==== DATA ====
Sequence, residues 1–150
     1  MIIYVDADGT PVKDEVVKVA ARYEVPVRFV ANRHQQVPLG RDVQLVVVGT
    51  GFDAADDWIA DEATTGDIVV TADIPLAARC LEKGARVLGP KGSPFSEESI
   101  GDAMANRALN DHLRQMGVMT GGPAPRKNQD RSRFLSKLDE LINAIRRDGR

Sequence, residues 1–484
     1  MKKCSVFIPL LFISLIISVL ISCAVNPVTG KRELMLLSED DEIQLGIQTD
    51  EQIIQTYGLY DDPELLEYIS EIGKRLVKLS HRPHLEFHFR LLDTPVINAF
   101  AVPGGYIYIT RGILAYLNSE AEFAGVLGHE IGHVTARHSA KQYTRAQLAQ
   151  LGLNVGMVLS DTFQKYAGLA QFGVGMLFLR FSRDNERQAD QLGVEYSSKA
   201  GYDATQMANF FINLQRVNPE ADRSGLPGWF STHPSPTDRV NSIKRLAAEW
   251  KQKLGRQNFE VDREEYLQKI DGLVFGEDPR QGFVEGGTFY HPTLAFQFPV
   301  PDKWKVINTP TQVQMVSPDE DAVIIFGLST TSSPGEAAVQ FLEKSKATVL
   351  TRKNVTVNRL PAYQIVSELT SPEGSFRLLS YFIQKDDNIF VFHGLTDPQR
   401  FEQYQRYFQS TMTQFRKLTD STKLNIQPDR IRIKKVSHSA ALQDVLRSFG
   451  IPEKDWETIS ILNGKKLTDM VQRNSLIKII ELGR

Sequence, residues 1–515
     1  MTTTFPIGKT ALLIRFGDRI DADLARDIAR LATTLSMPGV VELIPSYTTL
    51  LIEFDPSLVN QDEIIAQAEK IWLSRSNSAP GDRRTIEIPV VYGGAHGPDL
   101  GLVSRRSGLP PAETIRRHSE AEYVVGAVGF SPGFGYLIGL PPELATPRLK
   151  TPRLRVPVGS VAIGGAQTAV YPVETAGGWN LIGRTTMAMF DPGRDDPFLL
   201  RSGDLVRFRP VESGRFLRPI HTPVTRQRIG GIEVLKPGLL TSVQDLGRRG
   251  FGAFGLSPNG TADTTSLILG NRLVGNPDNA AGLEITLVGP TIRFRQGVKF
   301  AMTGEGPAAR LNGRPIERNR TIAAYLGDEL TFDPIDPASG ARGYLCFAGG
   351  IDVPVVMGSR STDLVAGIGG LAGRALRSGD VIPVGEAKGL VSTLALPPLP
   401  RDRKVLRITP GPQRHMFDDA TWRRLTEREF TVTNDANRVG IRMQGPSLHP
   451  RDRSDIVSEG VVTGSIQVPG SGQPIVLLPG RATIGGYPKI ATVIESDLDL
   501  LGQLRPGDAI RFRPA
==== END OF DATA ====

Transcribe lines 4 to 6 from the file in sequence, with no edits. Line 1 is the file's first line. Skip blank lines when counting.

   101  GDAMANRALN DHLRQMGVMT GGPAPRKNQD RSRFLSKLDE LINAIRRDGR

Sequence, residues 1–484
     1  MKKCSVFIPL LFISLIISVL ISCAVNPVTG KRELMLLSED DEIQLGIQTD